When we do, it shows. Take Lisa Su, CEO of Advanced Micro Devices (AMD), for example. She is one of a select few female CEOs of U.S. semiconductor companies and has steered a remarkable turnaround for AMD. Su took the helm in 2014. Since 2016, AMD has demonstrated substantial year-on-year revenue growth. Her leadership resulted in a nearly 300% stock rise in 2018.

So why aren’t there more Lisa Su’s in semiconductor leadership? Our research shows two major reasons: unconscious bias and a lack of formal support for women rising to leadership.

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"Mentorship programs have been essential for the personal development of women in the industry. When done properly, they can add value to the business, increase engagement with women and drive innovation for the benefit of the entire company."

- ANDREIA CATHELIN, Technical Fellow – STMicroelectronics

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Unconscious bias

Gender bias, while in many cases unconscious, is a major barrier to filling the pipeline for more women in leadership. It begins when women are girls, with males and females diverging on STEM subjects well before college. The idea that boys excel in math and science while women lean more toward liberal arts pursuits is not a valid one.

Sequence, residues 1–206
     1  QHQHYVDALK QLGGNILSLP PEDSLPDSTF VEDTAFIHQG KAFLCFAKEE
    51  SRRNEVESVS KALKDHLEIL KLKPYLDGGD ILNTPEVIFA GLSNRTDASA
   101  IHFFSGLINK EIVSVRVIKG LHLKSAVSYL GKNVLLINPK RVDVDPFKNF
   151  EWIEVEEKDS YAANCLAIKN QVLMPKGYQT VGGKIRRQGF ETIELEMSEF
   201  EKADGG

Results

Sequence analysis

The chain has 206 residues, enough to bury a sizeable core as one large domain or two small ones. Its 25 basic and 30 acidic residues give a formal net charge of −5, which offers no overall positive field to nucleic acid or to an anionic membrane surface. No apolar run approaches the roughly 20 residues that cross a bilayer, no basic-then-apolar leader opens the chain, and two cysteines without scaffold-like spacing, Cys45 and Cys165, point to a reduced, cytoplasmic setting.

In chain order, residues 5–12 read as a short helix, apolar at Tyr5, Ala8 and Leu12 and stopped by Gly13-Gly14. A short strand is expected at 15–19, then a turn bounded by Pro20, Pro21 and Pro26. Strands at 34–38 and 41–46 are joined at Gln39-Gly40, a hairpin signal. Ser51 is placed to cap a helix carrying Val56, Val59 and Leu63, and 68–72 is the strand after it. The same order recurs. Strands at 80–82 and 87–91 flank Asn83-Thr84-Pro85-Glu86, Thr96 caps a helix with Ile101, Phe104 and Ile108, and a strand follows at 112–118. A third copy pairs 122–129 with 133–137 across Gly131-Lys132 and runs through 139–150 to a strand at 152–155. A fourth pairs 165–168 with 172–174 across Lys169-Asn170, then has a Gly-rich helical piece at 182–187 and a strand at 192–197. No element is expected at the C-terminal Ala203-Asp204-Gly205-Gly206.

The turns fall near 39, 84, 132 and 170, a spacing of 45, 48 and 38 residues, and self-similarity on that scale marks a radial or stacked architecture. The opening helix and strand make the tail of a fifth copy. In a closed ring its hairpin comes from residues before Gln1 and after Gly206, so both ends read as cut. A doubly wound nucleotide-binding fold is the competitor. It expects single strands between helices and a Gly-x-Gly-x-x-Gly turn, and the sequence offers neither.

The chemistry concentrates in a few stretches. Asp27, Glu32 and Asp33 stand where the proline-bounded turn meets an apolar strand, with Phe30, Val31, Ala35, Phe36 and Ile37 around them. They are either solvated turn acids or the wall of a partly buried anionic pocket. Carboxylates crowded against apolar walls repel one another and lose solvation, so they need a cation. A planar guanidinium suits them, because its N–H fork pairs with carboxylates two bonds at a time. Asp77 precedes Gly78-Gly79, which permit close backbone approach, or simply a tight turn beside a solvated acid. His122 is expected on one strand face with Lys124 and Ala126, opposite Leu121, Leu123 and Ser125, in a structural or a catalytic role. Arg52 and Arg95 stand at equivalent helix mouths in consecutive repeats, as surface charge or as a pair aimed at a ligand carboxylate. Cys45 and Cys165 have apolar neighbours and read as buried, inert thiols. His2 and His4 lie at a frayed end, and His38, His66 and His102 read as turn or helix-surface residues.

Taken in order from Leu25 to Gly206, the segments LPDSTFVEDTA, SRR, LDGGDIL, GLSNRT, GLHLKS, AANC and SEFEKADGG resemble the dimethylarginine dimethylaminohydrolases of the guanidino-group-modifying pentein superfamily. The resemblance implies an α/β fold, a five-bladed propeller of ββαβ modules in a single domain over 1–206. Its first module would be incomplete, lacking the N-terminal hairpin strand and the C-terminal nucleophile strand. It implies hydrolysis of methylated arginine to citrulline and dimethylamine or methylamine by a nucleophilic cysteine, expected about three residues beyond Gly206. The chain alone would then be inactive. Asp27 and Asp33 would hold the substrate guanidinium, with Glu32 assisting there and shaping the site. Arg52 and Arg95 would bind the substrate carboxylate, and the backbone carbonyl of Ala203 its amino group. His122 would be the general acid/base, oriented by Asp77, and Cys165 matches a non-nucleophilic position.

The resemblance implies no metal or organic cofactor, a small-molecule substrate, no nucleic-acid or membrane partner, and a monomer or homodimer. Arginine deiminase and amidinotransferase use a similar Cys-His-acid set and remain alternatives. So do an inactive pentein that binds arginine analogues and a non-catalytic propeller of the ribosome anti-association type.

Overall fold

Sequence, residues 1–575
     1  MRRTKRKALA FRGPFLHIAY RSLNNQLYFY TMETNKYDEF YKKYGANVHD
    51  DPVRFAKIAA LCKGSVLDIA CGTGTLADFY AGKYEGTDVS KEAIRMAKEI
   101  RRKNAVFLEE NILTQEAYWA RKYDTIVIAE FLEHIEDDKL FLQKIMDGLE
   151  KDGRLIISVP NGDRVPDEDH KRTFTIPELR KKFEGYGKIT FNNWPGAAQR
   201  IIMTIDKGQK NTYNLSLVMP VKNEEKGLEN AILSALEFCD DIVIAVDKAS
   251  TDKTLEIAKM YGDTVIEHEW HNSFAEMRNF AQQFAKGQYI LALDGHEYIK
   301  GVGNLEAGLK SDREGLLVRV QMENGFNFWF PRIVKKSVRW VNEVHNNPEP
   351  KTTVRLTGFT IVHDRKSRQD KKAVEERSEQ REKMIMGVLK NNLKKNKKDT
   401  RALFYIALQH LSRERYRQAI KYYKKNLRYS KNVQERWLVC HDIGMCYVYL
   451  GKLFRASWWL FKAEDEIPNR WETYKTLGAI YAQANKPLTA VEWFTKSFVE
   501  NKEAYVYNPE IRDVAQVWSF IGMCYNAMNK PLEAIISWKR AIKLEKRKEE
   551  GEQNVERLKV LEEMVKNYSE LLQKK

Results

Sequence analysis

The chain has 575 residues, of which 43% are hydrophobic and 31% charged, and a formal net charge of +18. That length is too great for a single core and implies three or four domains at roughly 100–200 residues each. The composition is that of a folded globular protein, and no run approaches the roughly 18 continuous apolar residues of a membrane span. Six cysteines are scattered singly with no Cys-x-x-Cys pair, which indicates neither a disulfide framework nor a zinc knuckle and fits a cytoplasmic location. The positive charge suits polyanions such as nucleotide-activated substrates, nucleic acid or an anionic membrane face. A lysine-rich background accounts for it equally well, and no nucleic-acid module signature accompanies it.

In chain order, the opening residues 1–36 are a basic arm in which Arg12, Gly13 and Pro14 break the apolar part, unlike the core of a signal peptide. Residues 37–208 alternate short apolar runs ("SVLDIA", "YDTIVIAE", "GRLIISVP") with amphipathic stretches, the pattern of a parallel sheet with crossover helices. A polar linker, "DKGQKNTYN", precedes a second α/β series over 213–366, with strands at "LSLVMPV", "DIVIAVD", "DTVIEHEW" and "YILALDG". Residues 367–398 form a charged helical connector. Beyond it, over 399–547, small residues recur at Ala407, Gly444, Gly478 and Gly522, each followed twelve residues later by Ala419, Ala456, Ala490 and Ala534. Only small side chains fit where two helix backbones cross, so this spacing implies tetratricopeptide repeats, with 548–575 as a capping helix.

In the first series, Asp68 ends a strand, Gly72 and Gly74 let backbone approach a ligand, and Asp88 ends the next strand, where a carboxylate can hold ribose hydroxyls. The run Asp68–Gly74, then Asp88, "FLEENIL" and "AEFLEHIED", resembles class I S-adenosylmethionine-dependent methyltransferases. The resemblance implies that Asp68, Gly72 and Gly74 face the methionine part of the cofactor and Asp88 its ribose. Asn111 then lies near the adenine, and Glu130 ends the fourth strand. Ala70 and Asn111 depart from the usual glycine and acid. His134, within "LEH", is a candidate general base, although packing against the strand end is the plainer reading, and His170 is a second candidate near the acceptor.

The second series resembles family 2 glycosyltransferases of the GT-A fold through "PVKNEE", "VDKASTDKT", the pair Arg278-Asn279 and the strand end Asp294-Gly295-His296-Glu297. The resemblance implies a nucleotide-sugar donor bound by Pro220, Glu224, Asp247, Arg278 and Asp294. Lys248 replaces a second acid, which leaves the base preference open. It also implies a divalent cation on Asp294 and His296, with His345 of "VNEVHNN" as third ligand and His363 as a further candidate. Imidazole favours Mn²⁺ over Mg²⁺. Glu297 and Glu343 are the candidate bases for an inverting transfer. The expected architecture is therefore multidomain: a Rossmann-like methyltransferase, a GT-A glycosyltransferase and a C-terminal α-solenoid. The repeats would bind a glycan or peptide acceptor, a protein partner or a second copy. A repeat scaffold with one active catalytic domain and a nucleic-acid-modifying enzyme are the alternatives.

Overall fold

The more semiconductor C-suites lead their companies to sponsor and support programs that foster female interest in STEM at a young age, the faster we can get to gender balance in the industry. The organizations below all do a great job of introducing females to, and supporting their interest in, STEM-related fields:

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Girls Who Code

A US non-profit organization that runs summer programs teaching programming skills to high school girls.

I Wish

An Irish initiative hoping to encourage more female students into studying STEM subjects.

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A UK non-profit organization that hopes to increase the presence of women in STEM jobs by 30% in 2020.

Coder Dojo

A network of free, volunteer-led computer programming clubs for young people aged 7-17.

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Girls in Tech

A global network of groups that aim to boost the visibility of women in tech jobs by hosting events and providing employment resources.